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Dr. Beazley's CV in PDF format.
Doctor of Philosophy (Ph.D.), Interdisciplinary Studies (Environmental Studies, Biology, Philosophy) 1998
Dalhousie University, Halifax, Nova Scotia.
Thesis: A focal-species approach to biodiversity management in Nova Scotia
Master of Arts (M.A.), 1993
Department of Geography, Faculty of Environmental Studies, University of Waterloo, Waterloo, Ontario.
Thesis: Forested Regions of Long Point - Landscape History and Strategic Planning
Bachelor of Landscape Architecture (B.L.A.), 1986
School of Landscape Architecture, University of Guelph, Guelph, Ontario.
Protected areas systems design and identification of priority areas for protection based on conservation biology criteria in the Northern Appalachian/Acadian ecoregion of Canada and USA;
Protected area systems planning, with a focus on terrestrial with interest in marine;
Refinement of a focal-species approach to biodiversity conservation, including extension of the concept to invertebrate, plant, and marine species;
Adaptation and application of the focal-species selection process to various geographical areas and for various biodiversity management purposes, including monitoring; Refinement of the process for linking focal-species to landscape-level parameters for biodiversity conservation initiatives, through further research in species-habitat relationships, particularly for viable populations, and in specific populations and regions (biogeographical research);
Integration of species and habitat information into the predominantly socio-economic process of landscape planning and management for broader ecological sustainability;
Social-survey research into perceptions and values about nature and wilderness, especially about its conservation/preservation.
Areas of potential thesis supervision / broad interests:
Biodiversity conservation; protected area system design; focal species; landscape ecology and conservation biology; environmental ethics; sustainable watershed management
Examples of Publications
Beazley, K. and R. Boardman (Eds.). 2001. Politics of the Wild; Canada and Endangered Species. Oxford University Press, Toronto, 254 pgs.
Anderson, C., K. Beazley and J. Boxall. In press. Lessons for PPGIS from the application of a decision-support tool in the Nova Forest Alliance of Nova Scotia, Canada. Journal of Environmental Management. Accepted April 2007.
Baldwin, R., S. Trombulak, G. Woolmer, C. Reining, J. Nordgren, K. Beazley, and M. Anderson. The Importance of Maine for Ecoregional Conservation Planning. The Maine Policy Review, Submitted September 2006.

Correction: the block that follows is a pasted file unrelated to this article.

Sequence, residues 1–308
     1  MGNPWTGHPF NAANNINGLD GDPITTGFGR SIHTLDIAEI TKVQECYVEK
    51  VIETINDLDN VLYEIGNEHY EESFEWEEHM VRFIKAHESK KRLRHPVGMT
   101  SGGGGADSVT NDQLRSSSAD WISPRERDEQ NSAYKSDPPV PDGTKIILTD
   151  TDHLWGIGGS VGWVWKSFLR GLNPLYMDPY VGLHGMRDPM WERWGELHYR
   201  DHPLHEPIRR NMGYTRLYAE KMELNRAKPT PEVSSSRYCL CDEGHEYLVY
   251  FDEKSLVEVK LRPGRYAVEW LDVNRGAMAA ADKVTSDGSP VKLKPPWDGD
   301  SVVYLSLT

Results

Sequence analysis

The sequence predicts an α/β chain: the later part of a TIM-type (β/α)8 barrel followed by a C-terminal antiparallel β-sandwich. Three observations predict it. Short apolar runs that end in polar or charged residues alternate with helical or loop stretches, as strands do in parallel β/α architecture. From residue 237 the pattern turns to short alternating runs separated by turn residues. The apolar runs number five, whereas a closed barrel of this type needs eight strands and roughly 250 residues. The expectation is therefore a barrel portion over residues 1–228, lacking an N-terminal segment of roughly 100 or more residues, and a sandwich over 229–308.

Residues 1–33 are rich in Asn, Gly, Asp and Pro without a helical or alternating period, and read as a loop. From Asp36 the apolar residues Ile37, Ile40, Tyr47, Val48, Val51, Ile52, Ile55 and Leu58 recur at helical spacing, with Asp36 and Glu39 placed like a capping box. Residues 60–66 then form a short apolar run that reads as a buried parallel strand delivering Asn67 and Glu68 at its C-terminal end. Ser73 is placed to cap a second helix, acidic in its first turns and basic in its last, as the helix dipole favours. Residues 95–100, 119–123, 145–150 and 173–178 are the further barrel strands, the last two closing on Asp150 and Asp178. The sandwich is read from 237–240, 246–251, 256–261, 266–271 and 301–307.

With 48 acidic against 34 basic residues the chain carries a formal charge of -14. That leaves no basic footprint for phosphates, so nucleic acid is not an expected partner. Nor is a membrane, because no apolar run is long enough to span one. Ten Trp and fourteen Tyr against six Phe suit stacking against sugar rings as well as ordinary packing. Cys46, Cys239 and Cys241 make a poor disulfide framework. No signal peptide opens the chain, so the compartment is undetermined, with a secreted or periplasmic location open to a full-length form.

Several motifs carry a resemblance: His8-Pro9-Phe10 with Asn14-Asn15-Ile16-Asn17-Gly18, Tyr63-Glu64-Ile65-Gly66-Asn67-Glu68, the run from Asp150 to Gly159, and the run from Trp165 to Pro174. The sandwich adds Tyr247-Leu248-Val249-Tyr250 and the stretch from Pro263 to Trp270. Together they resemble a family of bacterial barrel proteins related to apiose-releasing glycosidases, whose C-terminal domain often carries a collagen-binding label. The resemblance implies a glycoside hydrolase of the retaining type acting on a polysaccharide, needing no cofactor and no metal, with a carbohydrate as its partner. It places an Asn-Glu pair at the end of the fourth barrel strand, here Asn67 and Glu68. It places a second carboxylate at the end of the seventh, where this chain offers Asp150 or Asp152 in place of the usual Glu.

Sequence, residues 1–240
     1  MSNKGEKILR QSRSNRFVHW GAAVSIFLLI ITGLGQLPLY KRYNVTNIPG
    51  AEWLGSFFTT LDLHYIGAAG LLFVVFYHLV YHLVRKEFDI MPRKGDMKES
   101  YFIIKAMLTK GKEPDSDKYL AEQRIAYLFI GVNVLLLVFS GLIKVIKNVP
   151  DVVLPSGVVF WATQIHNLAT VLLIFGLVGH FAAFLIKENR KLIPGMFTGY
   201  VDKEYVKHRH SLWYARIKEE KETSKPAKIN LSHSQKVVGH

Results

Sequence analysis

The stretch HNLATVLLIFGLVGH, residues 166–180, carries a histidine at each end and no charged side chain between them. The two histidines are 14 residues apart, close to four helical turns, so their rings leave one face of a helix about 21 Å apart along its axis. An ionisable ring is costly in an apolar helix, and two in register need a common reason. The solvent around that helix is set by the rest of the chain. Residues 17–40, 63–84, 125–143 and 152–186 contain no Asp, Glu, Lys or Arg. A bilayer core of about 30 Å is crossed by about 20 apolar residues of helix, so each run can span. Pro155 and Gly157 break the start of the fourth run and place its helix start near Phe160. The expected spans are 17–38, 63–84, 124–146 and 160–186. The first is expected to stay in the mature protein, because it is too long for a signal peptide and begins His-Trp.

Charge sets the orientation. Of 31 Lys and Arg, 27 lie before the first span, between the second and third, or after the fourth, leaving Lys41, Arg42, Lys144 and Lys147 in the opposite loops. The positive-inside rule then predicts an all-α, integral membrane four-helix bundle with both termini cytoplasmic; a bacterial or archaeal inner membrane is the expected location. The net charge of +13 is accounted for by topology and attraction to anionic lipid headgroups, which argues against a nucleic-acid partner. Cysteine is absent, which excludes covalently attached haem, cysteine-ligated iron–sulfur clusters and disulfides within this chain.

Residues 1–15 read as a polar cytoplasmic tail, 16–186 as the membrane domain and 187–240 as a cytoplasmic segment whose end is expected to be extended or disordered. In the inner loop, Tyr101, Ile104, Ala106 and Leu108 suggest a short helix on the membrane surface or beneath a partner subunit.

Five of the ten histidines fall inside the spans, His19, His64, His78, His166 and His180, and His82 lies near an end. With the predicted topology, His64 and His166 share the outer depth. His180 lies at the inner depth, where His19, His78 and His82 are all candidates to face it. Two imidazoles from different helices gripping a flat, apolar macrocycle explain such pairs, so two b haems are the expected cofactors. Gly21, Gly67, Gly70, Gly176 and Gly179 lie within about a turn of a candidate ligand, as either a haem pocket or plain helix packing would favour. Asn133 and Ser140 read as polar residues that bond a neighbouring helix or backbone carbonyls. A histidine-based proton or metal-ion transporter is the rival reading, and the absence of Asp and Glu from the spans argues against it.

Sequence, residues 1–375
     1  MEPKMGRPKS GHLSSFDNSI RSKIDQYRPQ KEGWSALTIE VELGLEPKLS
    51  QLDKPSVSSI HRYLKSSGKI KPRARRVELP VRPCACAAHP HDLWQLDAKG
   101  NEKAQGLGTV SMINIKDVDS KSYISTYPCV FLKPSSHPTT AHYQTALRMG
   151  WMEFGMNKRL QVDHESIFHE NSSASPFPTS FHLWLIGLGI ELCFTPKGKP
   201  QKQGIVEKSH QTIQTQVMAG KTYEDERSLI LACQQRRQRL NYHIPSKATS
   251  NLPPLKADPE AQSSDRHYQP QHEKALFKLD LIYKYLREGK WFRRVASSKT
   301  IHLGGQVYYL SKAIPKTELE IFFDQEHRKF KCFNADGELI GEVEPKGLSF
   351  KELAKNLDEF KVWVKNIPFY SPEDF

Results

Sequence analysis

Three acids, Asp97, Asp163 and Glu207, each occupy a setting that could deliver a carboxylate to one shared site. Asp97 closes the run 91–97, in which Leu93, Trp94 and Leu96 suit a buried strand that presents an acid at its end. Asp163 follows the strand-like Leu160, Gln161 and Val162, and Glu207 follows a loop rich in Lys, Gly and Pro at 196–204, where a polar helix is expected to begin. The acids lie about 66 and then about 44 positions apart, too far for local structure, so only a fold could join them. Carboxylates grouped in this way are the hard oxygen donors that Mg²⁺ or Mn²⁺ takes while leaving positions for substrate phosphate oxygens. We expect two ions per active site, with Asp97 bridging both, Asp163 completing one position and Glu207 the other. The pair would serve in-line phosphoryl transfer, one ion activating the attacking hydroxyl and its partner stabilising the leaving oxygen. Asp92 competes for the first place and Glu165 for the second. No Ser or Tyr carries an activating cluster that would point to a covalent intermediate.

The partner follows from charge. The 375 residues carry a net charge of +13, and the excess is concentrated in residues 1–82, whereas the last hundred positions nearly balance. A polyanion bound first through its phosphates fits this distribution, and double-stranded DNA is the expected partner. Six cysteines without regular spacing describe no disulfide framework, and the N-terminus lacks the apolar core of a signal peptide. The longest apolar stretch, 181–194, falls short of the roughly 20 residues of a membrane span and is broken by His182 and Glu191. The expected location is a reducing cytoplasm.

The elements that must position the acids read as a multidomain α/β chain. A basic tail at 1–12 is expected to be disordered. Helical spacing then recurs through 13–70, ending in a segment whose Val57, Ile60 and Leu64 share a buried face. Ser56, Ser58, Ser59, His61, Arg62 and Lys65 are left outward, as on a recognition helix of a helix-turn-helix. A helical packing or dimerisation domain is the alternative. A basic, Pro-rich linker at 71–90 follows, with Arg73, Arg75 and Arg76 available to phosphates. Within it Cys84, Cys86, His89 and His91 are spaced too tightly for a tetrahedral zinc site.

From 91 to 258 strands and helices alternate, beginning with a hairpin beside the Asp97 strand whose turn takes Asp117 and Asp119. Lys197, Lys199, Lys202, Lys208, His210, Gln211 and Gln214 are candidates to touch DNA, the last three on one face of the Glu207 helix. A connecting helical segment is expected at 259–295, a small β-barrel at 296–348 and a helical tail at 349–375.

Beazley, K., M. Ball, L. Isaacman, S. McBurney, P. Wilson, and T. Nette. 2006. Complexity and information gaps in recovery planning for moose (Alces alces americana) in Nova Scotia, Canada. Alces 42: 89-109.
O’Neill, D., P. Tyedmers, and K. Beazley. 2007. Human appropriation of net primary productivity (HANPP) in Nova Scotia, Canada. Regional Environmental Change 7:1-14.
Beazley, K., L. Smandych, T. Snaith, P. Austin-Smith, Jr., and P. Duinker. 2005. Biodiversity considerations in conservation system planning: a map-based approach for Nova Scotia, Canada. Ecological Applications 15(6): 2192-2208
Beazley, K., L. Smandych, T. Snaith, P. Austin-Smith, Jr., and P. Duinker. 2005. Appendices: Biodiversity considerations in conservation system planning: a map-based approach for Nova Scotia, Canada. Ecological Archives. A015-068 A1-9 <http://www.esapubs.org/archive/appl/A015/068/default.htm>
King, M. and K. Beazley. 2005. Focal species for the Scotian Shelf and Bay of Fundy marine region. Aquatic Conservation 15: 367-385
Beazley, K., N. Cardinal. 2004. A systematic approach for selecting focal species in forests of Nova Scotia and Maine. Environmental Conservation 31(2): 91-101.
Beazley, K., M. Willison, R. Long and P. MacKay. 2004. A report on a conservation planning process for a terrestrial and marine biodiversity conservation vision in Nova Scotia. Proceedings of the Nova Scotian Institute of Science 42(2): 359-373
Beazley, K., T. Snaith, F. MacKinnon, and D. Colville. 2004. Road density and potential impacts on wildlife species such as American moose in mainland Nova Scotia. Proceedings of the Nova Scotian Institute of Science 42(2): 339-357
Kanno, Y. and K. Beazley. 2004. Freshwater fish considerations for aquatic conservation systems planning in Nova Scotia. Proceedings of the Nova Scotian Institute of Science 42(2): 375-391
McMillan, E., T. Wright, and K. Beazley. 2004. Impact of a university-level environmental studies class on students’ values. Journal of Environmental Education 35 (3): 19-27
Snaith, T.V. and K.F. Beazley. 2004. The distribution, status and habitat associations of moose in mainland Nova Scotia. Proceedings Nova Scotian Institute of Science 42(2): 263-317
Snaith, T.V. and K.F. Beazley. 2004. Application of population viability theory to moose in mainland Nova Scotia. Alces 38: 193-204.
Snaith, T.V., K.F. Beazley, F. MacKinnon, and P.N. Duinker. 2004. Preliminary habitat suitability analysis for moose in mainland Nova Scotia, Canada. Alces 38: 73-88
Turner, K. and K. Beazley. 2004. An exploration of issues and values inherent in the concept of ecological integrity. Environments 32(2): 45-67.
Snaith, T. and K. Beazley. 2002. Moose (Alces alces americana Peterson) as a focal species for reserve design in Nova Scotia, Canada. Natural Areas Journal 22: 235-240